The opinion of the court was delivered by: VINCENT L. BRODERICK
VINCENT L. BRODERICK, U.S.D.J.
This suit brought under 42 USC 1983 arising from an arrest of plaintiff on January 31, 1993 involves claims of malicious prosecution and false imprisonment; no claims of excessive force are made. Defendants filed a motion for summary judgment under Fed.R.Civ.P. 56 on April 25, 1994.
Plaintiff has not responded to the motion despite being warned by letter from defendants dated May 9, 1994 that should plaintiff not respond the motion might be evaluated based on the papers then before the court. The following facts set forth in defendants statement under Local Rule 3(g) are accordingly accepted as correct:
At the time of the incident, plaintiff was on parole pursuant to a sentence upon his plea of guilty on June 2, 1989 to felonious criminal possession of a controlled substance. A parole revocation hearing was held on April 15, 1993 at which plaintiff was represented by counsel. On April 30, 1993 the charges were sustained, including a finding that plaintiff had operated his vehicle while intoxicated. Since plaintiff was accordingly remanded to state prison, the separate tickets issued on January 31, 1993 were dismissed.
Plaintiff's claim appears to rest on the dismissal of the charges filed by the police, despite the facts that plaintiff did engage in drunken driving and suffered revocation of probation for such conduct. Exaltation of labels over reality in such a way would run counter to both common sense and deeply imbedded traditional concepts of our legal system.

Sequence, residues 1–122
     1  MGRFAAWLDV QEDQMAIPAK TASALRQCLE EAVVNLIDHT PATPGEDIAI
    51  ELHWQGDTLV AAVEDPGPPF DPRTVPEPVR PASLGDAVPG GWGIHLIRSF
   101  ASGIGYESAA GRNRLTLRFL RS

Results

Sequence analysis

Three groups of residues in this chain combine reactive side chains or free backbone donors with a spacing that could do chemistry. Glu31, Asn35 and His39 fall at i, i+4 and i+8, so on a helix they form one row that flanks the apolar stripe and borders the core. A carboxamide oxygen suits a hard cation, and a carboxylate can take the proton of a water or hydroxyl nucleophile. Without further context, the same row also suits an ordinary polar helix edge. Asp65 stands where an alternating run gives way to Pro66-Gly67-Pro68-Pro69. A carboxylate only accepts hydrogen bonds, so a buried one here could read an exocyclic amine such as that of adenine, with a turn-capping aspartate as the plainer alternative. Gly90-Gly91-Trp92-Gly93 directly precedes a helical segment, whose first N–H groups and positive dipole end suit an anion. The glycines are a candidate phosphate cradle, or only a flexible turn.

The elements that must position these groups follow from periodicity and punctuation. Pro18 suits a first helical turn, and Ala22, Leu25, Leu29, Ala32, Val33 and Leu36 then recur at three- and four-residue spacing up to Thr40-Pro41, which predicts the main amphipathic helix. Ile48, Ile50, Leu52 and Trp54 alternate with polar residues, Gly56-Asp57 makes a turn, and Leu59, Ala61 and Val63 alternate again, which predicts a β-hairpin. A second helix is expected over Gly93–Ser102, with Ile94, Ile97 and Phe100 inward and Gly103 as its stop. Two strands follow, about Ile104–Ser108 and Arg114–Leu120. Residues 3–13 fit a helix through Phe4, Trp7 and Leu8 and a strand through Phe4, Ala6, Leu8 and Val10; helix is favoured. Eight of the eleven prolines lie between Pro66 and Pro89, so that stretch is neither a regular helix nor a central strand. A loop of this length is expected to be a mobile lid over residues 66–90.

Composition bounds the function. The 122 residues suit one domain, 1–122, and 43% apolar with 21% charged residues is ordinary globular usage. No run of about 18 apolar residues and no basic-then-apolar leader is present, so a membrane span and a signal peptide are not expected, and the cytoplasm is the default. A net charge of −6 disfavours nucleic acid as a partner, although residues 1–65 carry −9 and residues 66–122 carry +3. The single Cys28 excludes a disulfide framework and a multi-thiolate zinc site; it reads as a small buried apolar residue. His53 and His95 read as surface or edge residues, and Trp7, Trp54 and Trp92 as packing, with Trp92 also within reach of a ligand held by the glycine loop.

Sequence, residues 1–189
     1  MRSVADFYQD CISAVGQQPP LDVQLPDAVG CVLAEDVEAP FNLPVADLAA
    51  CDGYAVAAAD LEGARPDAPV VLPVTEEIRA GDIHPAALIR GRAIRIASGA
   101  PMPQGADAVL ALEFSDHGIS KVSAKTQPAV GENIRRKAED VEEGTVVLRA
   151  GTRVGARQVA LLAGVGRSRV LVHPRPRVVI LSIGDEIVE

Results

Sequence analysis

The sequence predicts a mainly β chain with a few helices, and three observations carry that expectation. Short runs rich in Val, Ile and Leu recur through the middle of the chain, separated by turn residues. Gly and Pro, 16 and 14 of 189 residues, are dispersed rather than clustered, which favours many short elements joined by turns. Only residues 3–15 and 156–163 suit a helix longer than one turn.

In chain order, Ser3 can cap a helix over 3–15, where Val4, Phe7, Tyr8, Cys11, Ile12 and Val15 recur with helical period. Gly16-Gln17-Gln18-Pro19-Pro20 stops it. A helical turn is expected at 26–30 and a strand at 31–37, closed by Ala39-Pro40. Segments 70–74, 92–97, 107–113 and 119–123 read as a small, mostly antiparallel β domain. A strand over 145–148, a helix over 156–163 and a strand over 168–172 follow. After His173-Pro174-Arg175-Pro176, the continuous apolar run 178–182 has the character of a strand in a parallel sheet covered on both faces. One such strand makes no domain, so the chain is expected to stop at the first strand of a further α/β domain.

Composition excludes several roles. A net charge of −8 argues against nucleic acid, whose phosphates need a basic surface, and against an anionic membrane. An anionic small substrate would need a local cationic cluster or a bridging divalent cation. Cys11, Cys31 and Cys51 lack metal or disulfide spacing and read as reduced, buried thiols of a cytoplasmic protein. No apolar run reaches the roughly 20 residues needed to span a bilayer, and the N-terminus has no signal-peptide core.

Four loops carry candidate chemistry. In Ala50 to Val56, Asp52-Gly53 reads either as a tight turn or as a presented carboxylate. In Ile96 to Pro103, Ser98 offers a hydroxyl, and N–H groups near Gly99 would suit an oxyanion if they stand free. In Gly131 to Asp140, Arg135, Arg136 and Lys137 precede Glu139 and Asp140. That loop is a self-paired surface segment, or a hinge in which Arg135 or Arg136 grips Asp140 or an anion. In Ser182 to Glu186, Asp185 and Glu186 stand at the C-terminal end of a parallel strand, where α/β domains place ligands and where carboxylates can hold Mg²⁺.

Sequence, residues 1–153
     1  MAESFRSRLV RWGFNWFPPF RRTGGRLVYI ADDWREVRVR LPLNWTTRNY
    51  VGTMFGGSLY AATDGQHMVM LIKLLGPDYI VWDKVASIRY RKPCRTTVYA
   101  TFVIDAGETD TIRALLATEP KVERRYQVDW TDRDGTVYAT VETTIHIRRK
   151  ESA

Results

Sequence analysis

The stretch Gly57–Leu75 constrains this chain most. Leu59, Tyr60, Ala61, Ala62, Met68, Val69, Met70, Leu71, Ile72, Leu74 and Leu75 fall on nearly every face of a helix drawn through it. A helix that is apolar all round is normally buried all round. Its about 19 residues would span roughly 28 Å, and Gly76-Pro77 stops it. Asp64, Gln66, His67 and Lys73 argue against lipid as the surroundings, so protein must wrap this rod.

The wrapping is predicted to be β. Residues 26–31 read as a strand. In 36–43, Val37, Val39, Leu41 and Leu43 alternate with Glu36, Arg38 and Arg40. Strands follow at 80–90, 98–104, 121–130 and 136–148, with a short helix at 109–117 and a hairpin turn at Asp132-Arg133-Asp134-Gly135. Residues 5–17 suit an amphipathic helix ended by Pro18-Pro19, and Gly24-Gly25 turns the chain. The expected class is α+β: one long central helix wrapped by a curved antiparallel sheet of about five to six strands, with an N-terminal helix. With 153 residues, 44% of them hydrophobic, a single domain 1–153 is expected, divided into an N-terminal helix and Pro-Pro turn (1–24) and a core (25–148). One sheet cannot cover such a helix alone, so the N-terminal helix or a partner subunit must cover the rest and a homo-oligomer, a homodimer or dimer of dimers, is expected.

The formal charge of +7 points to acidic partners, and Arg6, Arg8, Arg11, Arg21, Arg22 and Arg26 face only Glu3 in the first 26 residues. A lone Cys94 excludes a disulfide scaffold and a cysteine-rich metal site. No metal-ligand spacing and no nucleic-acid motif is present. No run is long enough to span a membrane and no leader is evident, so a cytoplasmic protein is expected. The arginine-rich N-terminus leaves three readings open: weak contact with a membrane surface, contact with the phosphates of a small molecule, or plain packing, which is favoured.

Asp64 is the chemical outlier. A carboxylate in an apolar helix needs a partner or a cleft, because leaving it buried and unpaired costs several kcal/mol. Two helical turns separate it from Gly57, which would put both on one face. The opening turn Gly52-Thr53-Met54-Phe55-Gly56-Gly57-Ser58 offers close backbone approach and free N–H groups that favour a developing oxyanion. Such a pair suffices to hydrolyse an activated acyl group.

In particular, the Fourteenth Amendment on which civil rights suits under 42 USC 1983 such as this are founded, is a constitutional provision which as part our "great instrument of government, intended to endure for unnumbered generations, is concerned with substance and not with form." Dimick v. Schiedt, 293 U.S. 474, 490, 79 L. Ed. 603, 55 S. Ct. 296 (1935) (Stone, J. dissenting); see United States v. Classic, 313 U.S. 299, 317-18, 85 L. Ed. 1368, 61 S. Ct. 1031 (1941).
Even if the charges made by the tickets filed by the police against plaintiff had been dismissed on the merits, rather than being mooted by a finding at the administrative parole revocation hearing that plaintiff was guilty of the offenses charged, qualified immunity would protect the officers if their actions were reasonable under the circumstances. See Harlow v. Fitzgerald, 457 U.S. 800, 813-20, 73 L. Ed. 2d 396, 102 S. Ct. 2727 (1982). If, objectively evaluated, the officers acted properly, their actions form no basis for assertions of liability. Graham v. Connor, 490 U.S. 386, 104 L. Ed. 2d 443, 109 S. Ct. 1865 (1989).
In light of the facts, undisputed despite a second opportunity afforded plaintiff to contest them, no claim of malicious prosecution or false imprisonment is sustainable. Defendants' motion for summary judgment is accordingly granted. SEC ...